1. The media landscape will change in 2018. We got some details wrong, very wrong. We expected the AT&T-Time Warner deal would not go through (it did, despite a DOJ lawsuit) and we expected the Sinclair Broadcasting purchase of Tribune Media to get approved (it did not). We got one deal right: Disney’s acquisition of Fox’s TV and movie studios (but not Fox News, Fox Sports and Fox TV channel). The media world changed in another way, thanks to Netflix, which receives a lot of coverage, attention and awards. We expect more consolidation in the media world, more attention to Netflix and other streaming services, and more layoffs and closings among local media. Grade: B-.
2. Artificial Intelligence and robotics, now interconnected, will continue to be “hot.” We got this right. A.I. and robotics got a lot of attention in 2018, and we expect that to continue in 2019 and beyond, including scare stories about a “robocalypse” in which A.I.-enabled robots replace human workers as well as more-reasoned articles that debunk the scare stories. We’re not as worried because there we think it will open other types of jobs, and that implementing A.I. seems inevitable because the potential benefits could be so significant. Grade: A.
3. Innovation often will come via business models. We expected, for example, that upscale restaurants with a delivery-only business model (relying on mobile-ordering apps) would be a bigger trend than it turned out to be. There was some coverage of that sort of innovation – not so much of technology but in the use of technology – but it wasn’t a top story. Grade: C.
4. Bitcoin and blockchain is hitting it big time. This was our surest best of any of our 2018 predictions. We do expect more bumps in the road for bitcoin and blockchain, but overall, it will continue in 2019. Grade: A.
5. Is the internet dying? There have been articles about the internet dying, including in the October issue of Wired. But it really wasn’t a “thing” in 2018. Grade: C-.
6. The first amendment becomes a battle-ground issue. We got this wrong. Grade: F.
7. Millennials’ impact will change how companies market products and services. Millennials are having an impact on products and services but there wasn’t as much coverage of it as we had expected. The layouts of newly built homes is changing, for example, but it’s not entirely clear that the reason is due to millennials (it could be because of boomers, too). Overall we overstated the amount of news coverage this would generate in 2018. Grade: C-.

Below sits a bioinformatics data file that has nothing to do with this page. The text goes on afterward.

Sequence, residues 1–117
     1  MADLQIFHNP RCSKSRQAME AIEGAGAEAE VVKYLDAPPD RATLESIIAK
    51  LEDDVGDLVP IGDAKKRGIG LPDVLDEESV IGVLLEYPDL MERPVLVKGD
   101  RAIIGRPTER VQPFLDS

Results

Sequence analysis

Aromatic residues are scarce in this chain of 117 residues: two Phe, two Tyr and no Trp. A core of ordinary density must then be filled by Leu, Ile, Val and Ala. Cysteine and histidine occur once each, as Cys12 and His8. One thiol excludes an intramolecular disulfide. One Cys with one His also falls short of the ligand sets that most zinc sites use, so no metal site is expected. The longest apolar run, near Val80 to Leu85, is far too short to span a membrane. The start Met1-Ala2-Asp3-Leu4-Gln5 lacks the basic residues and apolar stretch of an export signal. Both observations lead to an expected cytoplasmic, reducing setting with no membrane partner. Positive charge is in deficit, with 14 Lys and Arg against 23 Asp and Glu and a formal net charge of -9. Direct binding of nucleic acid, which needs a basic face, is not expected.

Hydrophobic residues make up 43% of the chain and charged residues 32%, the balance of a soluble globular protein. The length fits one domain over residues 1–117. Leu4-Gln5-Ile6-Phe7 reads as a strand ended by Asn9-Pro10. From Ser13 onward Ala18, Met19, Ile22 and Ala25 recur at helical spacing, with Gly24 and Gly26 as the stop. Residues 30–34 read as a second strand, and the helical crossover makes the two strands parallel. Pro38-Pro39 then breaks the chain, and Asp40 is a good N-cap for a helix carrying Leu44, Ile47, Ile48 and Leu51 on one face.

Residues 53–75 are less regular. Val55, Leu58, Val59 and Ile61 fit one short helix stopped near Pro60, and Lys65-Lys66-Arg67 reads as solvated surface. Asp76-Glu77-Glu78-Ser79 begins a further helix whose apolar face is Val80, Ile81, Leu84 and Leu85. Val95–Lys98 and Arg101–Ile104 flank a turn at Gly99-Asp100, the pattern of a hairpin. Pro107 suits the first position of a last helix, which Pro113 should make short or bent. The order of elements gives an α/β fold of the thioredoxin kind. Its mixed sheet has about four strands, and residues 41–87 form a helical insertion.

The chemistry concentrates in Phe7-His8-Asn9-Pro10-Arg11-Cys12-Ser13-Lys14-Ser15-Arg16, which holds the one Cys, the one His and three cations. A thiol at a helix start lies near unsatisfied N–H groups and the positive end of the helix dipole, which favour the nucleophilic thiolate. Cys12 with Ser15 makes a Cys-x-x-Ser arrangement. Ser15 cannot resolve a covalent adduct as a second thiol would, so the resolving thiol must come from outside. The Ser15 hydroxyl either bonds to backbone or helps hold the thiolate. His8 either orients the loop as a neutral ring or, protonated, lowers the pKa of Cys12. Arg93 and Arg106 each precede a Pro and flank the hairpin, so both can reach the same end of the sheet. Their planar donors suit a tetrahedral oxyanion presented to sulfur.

8. Smart-Home automation will gain acceptance but still a niche offering. We said the biggest aspect would be intelligent personal assistants like Amazon Alexa and Google Home. Overall, we were on target for this. Grade: B+.
9. The ranks of unicorn startups will grow but expect a backlash because unicorns are difficult to sustain. We didn’t see the term “unicorn” as much as we expected but in October, there was a big splash that Uber’s bankers value the company at $120 billion. We did see more articles about unrest in Silicon Valley between employees at startups and regular people who live there — so that’s something of a backlash. We continue to see the challenge as stated by New York Times tech columnist Farhad Manjoo is right when he said, a continued threat for startups is that just “fewer than 1 percent … end up as $1 billion companies” and that the Frightful Five (Amazon, Apple, Google, Facebook and Microsoft) can out-pay key employees (an issue in the A.I. space), out maneuver or just invest in startups and co-opt them. Grade: C.
10. Religious nonprofits will be able to publicly make political endorsements, but doing so will change how they are perceived. We got this wrong for 2018. However, it may be a problem down the road, particularly with people who oppose the political endorsements made by a particular religious nonprofit.